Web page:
There are two main ways to decant wine, depending on what kind of wine you are decanting: regular decanting and shock decanting.
Regular decanting involves pouring the wine slowly into the decanter. You can either keep the decanter on a table and pour the wine in or hold the decanter in one hand and pour it with the other. Regardless of the method used, pouring slowly helps older wines maintain their structure and colour.
Regular decanting also allows the pourer to spot sediment. The best way to spot sediment is to keep a match or lit lighter under the bottle's neck and start pouring very slowly. Once the wine lighted by the flame appears dusty, cloudy, you’re done. The process of pouring the wine into the decanter allows you to see the sediment.
With shock decanting, also known as quick splash decanting, the bottle of wine is tilted vertically and poured by gravity into a decanter sitting or being held vertically. Shock decantation won't help you isolate the sediment though. When the wine falls to the bottom of the decanter with force, it splashes off the bottom and swirls around. This method is meant to vigorously expose the wine to oxygen and further accelerate aeration. This is best for young, tannic red wines that haven’t been aged for long. Typically less than two years.
Wine decanter types: how to choose one
The best decanter for wines is circular because it allows the air inside to move freely. A wide neck will allow more air to enter in the shortest amount of time. Decanters with shorter necks and larger bowls also work faster because they achieve their purpose in a shorter amount of time. In an hour or less, a good decanter should have aerated the wine, softened the tannins, released the aromas, and separated the sediments from the bottom of the bottle of wine. However, some wine experts recommend decanting wine for at least two hours.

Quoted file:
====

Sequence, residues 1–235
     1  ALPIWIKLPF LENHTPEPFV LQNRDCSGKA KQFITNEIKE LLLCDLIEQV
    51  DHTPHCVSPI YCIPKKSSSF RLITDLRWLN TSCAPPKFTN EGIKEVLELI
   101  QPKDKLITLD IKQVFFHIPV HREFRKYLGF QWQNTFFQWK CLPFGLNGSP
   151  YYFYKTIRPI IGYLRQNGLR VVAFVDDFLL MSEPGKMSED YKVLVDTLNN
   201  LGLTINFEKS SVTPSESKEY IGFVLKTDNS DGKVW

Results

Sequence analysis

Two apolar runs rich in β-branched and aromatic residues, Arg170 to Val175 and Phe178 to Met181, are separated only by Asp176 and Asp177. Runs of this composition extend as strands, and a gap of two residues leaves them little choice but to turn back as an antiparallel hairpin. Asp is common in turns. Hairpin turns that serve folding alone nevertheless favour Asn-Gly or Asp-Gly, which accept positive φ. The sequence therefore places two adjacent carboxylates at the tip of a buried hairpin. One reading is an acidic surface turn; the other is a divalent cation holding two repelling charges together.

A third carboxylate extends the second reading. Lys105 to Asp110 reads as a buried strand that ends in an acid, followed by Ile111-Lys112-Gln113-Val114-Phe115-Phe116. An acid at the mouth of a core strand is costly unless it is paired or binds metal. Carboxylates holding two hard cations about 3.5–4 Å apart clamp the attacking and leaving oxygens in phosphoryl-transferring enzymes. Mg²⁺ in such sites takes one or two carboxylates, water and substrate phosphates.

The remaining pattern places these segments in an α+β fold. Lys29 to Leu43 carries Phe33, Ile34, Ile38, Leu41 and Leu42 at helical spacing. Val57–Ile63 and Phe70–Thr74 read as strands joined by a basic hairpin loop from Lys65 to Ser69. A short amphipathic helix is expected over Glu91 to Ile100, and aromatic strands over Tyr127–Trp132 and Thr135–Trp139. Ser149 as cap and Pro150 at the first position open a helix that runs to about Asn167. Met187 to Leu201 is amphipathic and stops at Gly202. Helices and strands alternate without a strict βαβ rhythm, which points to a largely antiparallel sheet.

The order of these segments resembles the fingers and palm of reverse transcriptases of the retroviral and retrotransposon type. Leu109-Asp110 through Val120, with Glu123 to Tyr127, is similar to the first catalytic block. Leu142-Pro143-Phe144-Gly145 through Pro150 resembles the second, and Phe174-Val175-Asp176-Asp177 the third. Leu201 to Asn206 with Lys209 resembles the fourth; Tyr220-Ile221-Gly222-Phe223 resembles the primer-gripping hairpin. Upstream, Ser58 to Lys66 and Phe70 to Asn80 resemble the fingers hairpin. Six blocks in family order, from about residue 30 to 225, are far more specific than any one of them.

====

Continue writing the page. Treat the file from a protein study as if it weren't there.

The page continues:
Note that the type of red wine you are drinking can also affect the type of decanter you need. A small decanter is enough for light-bodied red, rose, and white wines. Light-bodied wines such as Pinot Noir and Beaujolais benefit from decanting after only about 30 minutes. On the other hand, some wines will take longer to oxygenate than others. For example, full-bodied red wines with high tannin (the astringent, mouth-drying sensation) generally need more time in a decanter. To speed this process up, choose a decanter with a wide base to increase the amount of oxygen exposure to the wine.
Decanter for red wines
Large bowl decanters are the best choice when serving old red wines, depending on the style.
For full-bodied wines like Petite Sirah and Cabernet Sauvignon, a large-bowled decanter will provide more surface area for the aeration.
The air can move more freely through a medium-sized decanter for medium-bodied wines. Among the wines that can be served in the medium decanter are Merlot, Sangiovese, Dolcetti, and Grenache.
Decanter for white wines
Decanting white wines is easier than red wines. Although it's fine to decant into any vessel, smaller decanters are better for white wines. Usually, white wines do not contain sediment, so decanting is unlikely to ruin them.